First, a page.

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IHS Implements New Regulation for Tribes to Negotiate Medicare-Like Rates
Regulation impacts services provided through Purchased/Referred Care.
The Indian Health Service (IHS) is implementing a new regulation that gives the IHS, Tribal and urban Indian health programs the ability to cap payment rates at a "Medicare-like rate" to physician and other non-hospital providers and suppliers who provide services through the Purchased/Referred Care program. These rates will be known as Purchased/Referred Care rates.
"For years Indian health programs have been paying higher rates than private health insurers and other federal programs. This new regulation offers Tribes the option to negotiate reasonable rates for non-hospital based services, as long as they are in the best interest of the program," said IHS Principal Deputy Director Mary Smith. "Tribes are not required to take action based on this new regulation. It's an opt-in rule, which allows flexibility for Tribes and exercises sovereignty and self-determination."
The regulation applies to IHS-operated Purchased/Referred Care programs and urban Indian health programs, as well as Tribally-operated programs, but only to the extent the Tribally-operated programs opt-in to the requirements. The opt-in option does not apply to urban Indian programs because those are funded through contracts or grants with IHS.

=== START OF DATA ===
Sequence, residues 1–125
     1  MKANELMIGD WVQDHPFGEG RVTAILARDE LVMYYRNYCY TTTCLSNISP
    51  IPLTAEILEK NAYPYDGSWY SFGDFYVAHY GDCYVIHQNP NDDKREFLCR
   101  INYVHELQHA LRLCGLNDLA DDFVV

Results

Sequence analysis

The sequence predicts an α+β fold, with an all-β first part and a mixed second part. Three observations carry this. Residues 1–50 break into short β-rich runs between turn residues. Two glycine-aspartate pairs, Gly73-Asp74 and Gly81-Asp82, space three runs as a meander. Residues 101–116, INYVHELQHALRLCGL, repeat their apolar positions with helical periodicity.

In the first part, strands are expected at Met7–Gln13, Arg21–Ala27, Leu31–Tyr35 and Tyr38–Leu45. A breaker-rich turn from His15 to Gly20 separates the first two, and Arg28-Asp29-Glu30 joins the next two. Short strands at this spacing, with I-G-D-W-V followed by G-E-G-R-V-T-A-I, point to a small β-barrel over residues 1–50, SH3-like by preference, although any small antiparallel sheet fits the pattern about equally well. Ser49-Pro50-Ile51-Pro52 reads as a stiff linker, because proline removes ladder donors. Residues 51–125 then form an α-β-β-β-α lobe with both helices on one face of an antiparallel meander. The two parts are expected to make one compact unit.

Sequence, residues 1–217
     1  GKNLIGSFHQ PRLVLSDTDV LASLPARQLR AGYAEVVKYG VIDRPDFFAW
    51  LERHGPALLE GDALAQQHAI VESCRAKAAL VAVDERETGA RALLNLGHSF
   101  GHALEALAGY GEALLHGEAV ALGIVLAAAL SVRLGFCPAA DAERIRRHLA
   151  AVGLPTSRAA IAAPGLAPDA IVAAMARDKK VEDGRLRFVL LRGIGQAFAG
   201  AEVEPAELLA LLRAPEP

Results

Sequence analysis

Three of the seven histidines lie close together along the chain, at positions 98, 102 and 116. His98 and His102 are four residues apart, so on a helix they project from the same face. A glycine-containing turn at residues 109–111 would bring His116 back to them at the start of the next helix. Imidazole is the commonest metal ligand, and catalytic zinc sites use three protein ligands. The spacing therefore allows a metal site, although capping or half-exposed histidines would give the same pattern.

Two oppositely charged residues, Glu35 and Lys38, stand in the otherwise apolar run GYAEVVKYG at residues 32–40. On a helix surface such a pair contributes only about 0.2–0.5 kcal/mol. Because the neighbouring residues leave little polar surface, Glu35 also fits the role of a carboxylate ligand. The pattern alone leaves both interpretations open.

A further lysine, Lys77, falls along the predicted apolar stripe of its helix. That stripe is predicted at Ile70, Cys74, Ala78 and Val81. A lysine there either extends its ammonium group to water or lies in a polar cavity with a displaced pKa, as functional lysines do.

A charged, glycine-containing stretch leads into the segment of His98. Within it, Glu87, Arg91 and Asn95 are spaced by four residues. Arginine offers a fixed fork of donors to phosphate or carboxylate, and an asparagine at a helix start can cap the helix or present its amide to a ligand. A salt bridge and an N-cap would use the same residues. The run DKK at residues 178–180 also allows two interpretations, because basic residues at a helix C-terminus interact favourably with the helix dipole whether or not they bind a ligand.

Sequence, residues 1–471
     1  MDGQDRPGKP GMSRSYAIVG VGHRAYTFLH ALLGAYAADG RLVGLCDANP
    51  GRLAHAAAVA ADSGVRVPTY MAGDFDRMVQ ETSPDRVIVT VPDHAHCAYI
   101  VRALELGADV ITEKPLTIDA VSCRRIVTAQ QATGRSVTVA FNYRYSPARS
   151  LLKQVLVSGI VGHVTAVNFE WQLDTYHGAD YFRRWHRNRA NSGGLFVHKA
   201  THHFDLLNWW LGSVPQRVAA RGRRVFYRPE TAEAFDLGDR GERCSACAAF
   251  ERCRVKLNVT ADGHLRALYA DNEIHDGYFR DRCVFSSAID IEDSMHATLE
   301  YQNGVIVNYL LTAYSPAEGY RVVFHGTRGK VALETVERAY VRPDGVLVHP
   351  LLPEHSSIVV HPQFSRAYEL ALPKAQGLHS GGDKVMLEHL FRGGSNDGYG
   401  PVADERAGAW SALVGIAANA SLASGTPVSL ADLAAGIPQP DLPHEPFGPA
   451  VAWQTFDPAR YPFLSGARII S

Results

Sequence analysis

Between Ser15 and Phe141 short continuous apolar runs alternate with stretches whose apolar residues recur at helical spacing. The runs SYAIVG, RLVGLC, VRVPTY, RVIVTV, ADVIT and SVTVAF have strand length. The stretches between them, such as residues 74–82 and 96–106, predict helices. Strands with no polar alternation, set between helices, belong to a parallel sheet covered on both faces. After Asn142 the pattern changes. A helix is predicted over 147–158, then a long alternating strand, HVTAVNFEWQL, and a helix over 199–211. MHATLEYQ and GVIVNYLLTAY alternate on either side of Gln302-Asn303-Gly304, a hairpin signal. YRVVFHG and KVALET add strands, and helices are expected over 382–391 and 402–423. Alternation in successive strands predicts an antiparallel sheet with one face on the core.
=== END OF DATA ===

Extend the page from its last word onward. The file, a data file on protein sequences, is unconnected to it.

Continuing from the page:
The Purchased/Referred Care program funds primary and specialty health care services that are unavailable at IHS or Tribal health care facilities and are therefore purchased from private health care providers. This can include hospital and outpatient care, as well as physician, laboratory, dental, radiology, pharmacy and transportation services.
The small market share of individual IHS, Tribal and urban Indian health programs has made it difficult for these programs to negotiate discounted rates with private providers, and these programs have therefore had to pay full billed charges that substantially exceed the rates paid by the Medicare program, Veterans Administration and Department of Defense. The Purchased/Referred Care rates now enable the IHS, Tribal and urban Indian programs to pay rates equivalent to other government payers for the services purchased from private providers.
The new regulation also establishes payment rates that are consistent across federal health care programs, aligns payment with inpatient services and enables the IHS, Tribal and urban Indian health programs to expand beneficiary access to medical care.